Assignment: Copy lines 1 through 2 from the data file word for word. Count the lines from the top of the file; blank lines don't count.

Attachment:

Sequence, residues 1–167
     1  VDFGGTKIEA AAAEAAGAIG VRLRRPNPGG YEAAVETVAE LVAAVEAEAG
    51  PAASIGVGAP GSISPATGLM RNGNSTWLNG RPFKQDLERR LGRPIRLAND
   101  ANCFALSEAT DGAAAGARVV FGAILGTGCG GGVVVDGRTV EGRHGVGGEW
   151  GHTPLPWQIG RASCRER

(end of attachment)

Sequence, residues 1–167
     1  VDFGGTKIEA AAAEAAGAIG VRLRRPNPGG YEAAVETVAE LVAAVEAEAG